La coopération Sud-Sud en Afrique du Sud 40 ans après le BAPA
Par Neissan Alessandro Besharati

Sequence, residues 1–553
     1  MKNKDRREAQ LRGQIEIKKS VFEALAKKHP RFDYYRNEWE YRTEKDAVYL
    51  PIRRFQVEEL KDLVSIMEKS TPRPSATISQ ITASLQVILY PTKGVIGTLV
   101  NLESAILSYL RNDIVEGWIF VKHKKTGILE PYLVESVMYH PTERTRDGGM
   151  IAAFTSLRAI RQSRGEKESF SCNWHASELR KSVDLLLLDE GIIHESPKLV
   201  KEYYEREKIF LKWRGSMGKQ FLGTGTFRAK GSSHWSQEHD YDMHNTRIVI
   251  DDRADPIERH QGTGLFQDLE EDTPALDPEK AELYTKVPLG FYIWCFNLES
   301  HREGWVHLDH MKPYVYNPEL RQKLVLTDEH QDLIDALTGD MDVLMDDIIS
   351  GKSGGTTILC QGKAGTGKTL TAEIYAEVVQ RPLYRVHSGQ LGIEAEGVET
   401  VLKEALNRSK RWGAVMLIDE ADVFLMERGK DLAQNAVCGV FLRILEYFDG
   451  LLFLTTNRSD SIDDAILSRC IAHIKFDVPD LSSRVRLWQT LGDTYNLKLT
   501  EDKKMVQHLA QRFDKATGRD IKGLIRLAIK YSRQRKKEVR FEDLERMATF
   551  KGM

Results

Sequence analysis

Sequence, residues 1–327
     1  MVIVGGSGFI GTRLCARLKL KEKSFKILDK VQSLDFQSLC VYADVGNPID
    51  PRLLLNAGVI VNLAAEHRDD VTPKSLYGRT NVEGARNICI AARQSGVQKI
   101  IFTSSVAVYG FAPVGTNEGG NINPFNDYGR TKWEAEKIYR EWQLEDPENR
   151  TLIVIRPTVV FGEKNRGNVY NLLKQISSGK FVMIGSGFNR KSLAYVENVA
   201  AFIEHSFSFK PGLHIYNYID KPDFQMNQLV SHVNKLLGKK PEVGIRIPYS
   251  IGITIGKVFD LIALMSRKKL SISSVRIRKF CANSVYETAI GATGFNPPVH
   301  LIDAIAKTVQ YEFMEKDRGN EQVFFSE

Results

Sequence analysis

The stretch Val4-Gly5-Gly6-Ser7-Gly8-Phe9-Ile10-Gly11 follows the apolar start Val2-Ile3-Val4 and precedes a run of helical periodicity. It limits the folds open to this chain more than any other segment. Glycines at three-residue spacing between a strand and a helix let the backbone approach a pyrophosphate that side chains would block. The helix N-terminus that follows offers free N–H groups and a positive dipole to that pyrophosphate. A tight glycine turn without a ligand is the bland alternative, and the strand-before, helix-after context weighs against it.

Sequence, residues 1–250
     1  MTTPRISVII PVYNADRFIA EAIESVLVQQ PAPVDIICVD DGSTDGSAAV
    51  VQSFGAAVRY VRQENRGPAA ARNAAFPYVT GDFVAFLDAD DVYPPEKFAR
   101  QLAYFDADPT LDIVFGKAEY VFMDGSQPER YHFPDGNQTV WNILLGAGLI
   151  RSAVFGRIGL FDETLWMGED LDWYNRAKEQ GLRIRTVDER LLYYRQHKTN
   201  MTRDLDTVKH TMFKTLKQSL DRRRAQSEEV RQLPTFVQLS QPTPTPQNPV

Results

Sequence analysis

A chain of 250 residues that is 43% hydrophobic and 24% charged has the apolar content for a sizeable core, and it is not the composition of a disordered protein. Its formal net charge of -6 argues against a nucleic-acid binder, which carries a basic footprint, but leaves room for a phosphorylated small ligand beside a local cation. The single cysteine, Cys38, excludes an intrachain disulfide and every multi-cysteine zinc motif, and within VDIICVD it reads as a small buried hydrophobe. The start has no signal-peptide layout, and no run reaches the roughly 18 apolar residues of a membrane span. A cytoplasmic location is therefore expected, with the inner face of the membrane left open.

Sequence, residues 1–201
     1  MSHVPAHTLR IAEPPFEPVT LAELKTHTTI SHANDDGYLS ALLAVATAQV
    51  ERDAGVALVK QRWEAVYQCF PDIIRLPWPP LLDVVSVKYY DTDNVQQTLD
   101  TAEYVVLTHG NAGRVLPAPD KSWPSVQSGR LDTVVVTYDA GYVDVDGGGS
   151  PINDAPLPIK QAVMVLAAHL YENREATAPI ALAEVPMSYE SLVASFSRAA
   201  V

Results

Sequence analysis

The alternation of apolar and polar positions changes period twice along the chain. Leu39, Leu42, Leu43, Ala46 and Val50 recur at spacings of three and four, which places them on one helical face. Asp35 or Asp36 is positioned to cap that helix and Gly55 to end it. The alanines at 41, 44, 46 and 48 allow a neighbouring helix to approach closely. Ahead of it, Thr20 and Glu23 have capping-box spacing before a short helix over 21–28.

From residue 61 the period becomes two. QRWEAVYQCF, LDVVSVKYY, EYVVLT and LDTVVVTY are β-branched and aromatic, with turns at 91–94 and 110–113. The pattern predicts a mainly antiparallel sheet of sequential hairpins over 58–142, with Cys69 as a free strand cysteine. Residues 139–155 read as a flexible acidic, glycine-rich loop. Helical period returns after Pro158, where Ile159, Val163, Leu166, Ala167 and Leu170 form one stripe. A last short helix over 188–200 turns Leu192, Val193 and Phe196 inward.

Alors que les États membres et les Nations Unies (NU) se préparent pour la deuxième Conférence de haut niveau sur la coopération Sud-Sud (CSS) quarante ans après l’adoption du Plan d’Action de Buenos Aires (PABA), cet article reflète le parcours de l’Afrique du Sud dans la mise en oeuvre de la coopération technique avec les pays en développement (CTPD). Bien que le gouvernement d’apartheid de Pretoria ait été exclu des discussions à Buenos Aires, l’Afrique du Sud a joué un rôle important au sein de la CSS, au cours des deux dernières décennies, en promouvant le renforcement des capacités, l’échange d’expériences et la CTPD en Afrique et au niveau intrarégional. L’article examinera le degré de conformité des 38 recommandations établies dans le PABA par l’Afrique du Sud et le travail de suivi qui reste nécessaire, aux niveaux national et mondial, pour faire avancer le programme de la CSS.